In the last related blog post we discussed recovering public folders and its contents from dumpster when they are deleted and various recovery steps using the Outlook client and Exchange Management Shell. In this blog we will be moving further and discussing some more advanced recovery scenarios.

Recovering a deleted public folder mailbox

Secondary Hierarchy mailboxes

Secondary hierarchy mailboxes contain public folder content as well as read-only copy of the public folder hierarchy. At mailbox creation, each public folder mailbox gets associated with its own disabled active directory user account. Those user accounts should never be deleted or modified! When deletion happens though, access to public folders in that content mailbox will get disrupted. The affected public folders will still be seen in the public folder hierarchy, but they might not be accessible since the mailbox holding the folder content is unavailable.

To understand this better let’s consider a scenario where active directory user account which is associated with the Secondary public folder hierarchy mailbox gets mistakenly deleted and it needs to be recovered. The name of the secondary public folder mailbox is called PF-2 and its associated disabled user account is now gone. The associated mailbox will be available in the associated database in disabled state till the retention period expires. During that time, public folders which are hosted on the disconnected secondary public folder mailbox will still show up in Outlook because they are still present in the hierarchy. The associated mailbox content information will be unavailable for the folders associated with the affected public folder content mailbox in Exchange Admin Center as illustrated here:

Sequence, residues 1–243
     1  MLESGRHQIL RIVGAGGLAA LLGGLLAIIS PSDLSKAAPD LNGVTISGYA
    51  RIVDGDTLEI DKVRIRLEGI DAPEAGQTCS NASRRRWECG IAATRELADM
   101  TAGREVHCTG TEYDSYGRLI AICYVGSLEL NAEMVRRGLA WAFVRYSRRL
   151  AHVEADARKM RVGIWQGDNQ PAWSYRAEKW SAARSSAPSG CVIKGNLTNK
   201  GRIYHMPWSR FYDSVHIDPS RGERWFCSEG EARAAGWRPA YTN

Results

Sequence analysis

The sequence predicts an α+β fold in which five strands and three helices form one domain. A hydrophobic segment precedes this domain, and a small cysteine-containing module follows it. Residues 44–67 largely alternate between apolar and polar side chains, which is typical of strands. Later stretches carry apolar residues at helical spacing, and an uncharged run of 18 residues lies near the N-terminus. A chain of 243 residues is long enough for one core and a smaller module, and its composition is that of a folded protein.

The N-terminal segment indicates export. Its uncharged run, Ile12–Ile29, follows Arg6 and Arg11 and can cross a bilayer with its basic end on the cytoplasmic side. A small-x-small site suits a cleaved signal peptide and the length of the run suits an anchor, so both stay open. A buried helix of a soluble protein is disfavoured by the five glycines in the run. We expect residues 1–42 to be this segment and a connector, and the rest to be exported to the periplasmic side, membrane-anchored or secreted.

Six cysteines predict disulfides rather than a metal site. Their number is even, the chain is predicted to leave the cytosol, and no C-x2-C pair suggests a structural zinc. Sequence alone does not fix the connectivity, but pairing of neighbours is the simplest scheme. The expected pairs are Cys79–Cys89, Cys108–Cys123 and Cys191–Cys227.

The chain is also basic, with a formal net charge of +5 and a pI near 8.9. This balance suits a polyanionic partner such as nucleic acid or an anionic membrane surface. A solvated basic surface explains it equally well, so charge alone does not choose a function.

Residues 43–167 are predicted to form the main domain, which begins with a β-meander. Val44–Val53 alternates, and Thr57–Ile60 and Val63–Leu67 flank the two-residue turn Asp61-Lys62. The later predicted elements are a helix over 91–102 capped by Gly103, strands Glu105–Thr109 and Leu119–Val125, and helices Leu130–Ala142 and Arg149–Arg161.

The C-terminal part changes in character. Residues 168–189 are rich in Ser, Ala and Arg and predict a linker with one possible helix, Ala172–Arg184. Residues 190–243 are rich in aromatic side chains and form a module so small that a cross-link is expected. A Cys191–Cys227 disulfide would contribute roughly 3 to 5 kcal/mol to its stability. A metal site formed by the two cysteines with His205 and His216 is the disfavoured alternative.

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In order to perform recovery for such types of issues, you will need to create a new disabled user account and reconnect the disconnected public folder content mailbox by connecting to the new created account using Connect-Mailbox.

To view the disabled mailboxes run the command:

Get-MailboxDatabase | Get-MailboxStatistics | Where { $_.DisconnectReason -eq "Disabled" } | ft DisplayName,Database,DisconnectDate,DisconnectReason,*type*

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If the public folder content mailbox is not listed in the disabled state but you know the account is missing, you need to force the cleanup on the store by running the below command:

Get-MailboxStatistics -Database “Database name“ | ForEach { Update-StoreMailboxState -Database $_.Database -Identity $_.MailboxGuid -Confirm:$false }

Note: Update-StoreMailboxState is the Exchange 2013 replacement for the Clean-MailboxDatabase in previous versions. When running this command, make sure you have proper retention settings in place or else you might end up purging disconnected mailboxes that you did not intend to purge!

As mentioned earlier, create a new user account with same name (like the mailbox, to keep things simpler) or, if the account has been recovered through some sort of AD recovery process, we can simply reconnect the mailbox to it. By creating account with same name the Connect-mailbox will automatically try to connect to the matching user.

Connect the mailbox using the Exchange Admin Center or Exchange Management Shell as described in the article Connect a Disabled Mailbox.

Once the mailbox is connected, the public folder should automatically start serving the contents.

Things to note about mail enabled public folders:

  • If the disconnected mailbox contained mail-enabled public folders, mail delivery to those folders will stop working once the content mailbox is connected with the new account. A sample of the error you might see:clip_image001